2001: A Space Odyssey (1968) Documentary
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2001: A Space Odyssey is a 1968 science fiction film produced and directed by Stanley Kubrick. The screenplay was co-written by Kubrick and Arthur C. Clarke, and was partially inspired by Clarke's short story "The Sentinel". Clarke later adapted the script into a novel of the same name. The story deals with a series of encounters between humans and mysterious black monoliths that are apparently affecting human evolution, and a space voyage to Jupiter tracing a signal emitted by one such monolith found on the moon. Keir Dullea and Gary Lockwood star as the two astronauts on this voyage, with Douglas Rain as the voice of the sentient computer HAL 9000 who has full control over their spaceship. The film is frequently described as an "epic film", both for its length and scope, and for its affinity with classical epics.
Financed and produced by the American studio Metro-Goldwyn-Mayer, the film was made almost entirely in England, using both the studio facilities of MGM's subsidiary "MGM British" (among the last movies to be shot there before its closure in 1970) and those of Shepperton Studios, mostly because of the availability of much larger sound stages than in the United States. The film was also co-produced by Kubrick's own "Stanley Kubrick Productions". Kubrick, having already shot his previous two films in England, decided to settle there permanently during the filming of Space Odyssey. Though Space Odyssey was released in America several months before its release in England, and Encyclopædia Britannica calls this an American film, other sources refer to it as an American, British, or American-British production.
Thematically, the film deals with elements of human evolution, technology, artificial intelligence, and extraterrestrial life. It is notable for its scientific accuracy, pioneering special effects, ambiguous imagery that is open-ended to a point approaching surrealism, sound in place of traditional narrative techniques, and minimal use of dialogue.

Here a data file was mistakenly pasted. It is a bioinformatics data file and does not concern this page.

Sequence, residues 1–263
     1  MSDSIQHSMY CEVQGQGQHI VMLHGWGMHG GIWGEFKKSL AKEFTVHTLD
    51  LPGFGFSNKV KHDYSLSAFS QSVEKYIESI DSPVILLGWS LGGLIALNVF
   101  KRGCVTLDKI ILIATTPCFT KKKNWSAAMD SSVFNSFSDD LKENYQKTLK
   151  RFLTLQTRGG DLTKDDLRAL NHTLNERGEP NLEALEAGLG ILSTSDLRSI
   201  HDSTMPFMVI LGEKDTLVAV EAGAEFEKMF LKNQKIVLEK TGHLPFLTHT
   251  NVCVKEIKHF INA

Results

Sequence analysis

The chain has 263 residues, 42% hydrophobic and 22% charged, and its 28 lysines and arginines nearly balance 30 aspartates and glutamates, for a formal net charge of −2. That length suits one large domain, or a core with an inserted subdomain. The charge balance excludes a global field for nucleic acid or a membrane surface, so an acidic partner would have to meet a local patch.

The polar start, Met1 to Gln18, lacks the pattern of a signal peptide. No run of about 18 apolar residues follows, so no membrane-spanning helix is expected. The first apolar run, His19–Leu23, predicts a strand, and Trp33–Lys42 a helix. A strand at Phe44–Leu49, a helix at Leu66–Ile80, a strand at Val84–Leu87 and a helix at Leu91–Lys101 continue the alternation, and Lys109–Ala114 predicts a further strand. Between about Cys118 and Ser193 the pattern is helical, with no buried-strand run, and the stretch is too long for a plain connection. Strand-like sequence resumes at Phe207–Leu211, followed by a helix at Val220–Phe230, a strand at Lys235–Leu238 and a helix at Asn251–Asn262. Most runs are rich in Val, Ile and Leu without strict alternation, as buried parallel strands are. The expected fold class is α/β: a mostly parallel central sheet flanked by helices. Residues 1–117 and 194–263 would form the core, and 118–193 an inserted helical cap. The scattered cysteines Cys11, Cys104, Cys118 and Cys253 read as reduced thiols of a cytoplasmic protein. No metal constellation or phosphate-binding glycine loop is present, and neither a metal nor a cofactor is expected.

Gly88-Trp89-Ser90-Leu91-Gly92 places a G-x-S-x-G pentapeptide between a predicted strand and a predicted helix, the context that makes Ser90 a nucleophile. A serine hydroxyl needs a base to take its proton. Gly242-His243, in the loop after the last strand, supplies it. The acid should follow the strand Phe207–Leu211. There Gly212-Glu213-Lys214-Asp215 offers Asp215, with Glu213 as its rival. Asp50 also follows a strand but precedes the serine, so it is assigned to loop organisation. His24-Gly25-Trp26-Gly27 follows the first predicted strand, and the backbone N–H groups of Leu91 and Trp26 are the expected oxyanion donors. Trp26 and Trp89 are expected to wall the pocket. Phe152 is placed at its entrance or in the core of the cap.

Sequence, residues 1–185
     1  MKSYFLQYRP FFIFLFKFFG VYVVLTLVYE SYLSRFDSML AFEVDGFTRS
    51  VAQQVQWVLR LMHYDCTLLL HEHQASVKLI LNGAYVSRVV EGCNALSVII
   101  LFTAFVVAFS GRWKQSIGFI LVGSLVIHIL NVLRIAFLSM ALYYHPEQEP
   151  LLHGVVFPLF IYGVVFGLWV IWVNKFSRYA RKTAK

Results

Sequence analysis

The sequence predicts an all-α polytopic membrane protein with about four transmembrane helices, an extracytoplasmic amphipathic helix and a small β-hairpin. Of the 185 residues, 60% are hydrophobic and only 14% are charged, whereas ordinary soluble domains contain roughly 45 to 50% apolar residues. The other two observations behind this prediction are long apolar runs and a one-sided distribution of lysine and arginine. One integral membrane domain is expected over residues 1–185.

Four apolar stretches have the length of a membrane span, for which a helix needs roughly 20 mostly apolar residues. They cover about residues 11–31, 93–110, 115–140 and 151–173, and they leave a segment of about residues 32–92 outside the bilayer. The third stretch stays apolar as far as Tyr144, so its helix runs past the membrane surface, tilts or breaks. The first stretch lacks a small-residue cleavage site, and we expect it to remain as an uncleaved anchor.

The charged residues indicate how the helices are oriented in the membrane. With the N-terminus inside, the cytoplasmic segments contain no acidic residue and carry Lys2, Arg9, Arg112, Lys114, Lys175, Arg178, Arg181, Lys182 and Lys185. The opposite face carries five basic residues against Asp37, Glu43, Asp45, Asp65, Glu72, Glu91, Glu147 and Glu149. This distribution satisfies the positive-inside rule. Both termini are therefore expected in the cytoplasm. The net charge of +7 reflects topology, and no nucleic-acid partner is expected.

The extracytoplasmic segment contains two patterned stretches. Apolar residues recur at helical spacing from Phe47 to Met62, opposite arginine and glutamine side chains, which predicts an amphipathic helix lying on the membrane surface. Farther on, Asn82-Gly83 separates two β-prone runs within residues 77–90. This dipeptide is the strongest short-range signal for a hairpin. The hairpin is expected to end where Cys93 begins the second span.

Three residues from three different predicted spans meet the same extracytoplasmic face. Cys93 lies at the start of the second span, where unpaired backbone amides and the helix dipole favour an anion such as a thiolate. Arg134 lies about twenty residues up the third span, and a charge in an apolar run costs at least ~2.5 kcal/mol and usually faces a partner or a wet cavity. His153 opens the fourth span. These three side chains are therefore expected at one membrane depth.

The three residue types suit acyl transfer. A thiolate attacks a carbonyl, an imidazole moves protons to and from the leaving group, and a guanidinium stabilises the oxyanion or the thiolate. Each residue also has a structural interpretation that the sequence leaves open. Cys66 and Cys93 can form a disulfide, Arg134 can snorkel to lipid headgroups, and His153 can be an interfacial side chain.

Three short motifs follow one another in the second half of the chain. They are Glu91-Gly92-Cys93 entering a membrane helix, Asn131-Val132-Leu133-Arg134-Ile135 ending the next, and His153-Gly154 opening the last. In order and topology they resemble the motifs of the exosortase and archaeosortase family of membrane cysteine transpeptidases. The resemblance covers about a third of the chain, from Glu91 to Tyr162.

The film has a memorable soundtrack—the result of the association that Kubrick made between the spinning motion of the satellites and the dancers of waltzes, which led him to use The Blue Danube waltz by Johann Strauss II, and the famous symphonic poem Also sprach Zarathustra by Richard Strauss, to portray the philosophical evolution of Man theorized in Nietzsche's work of the same name.
Despite initially receiving mixed reactions from critics and audiences alike, 2001: A Space Odyssey garnered a cult following and slowly became a box office hit. Some years after its release, it eventually became the highest grossing picture from 1968 in North America. Today it is recognized by many critics, filmmakers, and audiences as one of the greatest and most influential films ever made. The 2002 Sight & Sound poll of critics ranked it among the top ten films of all time, and in 2010, it was named the No. 1 greatest film ever made by The Moving Arts Film Journal. It was nominated for four Academy Awards, and received one for its visual effects. In 1991, it was deemed "culturally, historically, or aesthetically significant" by the United States Library of Congress and selected for preservation in the National Film Registry.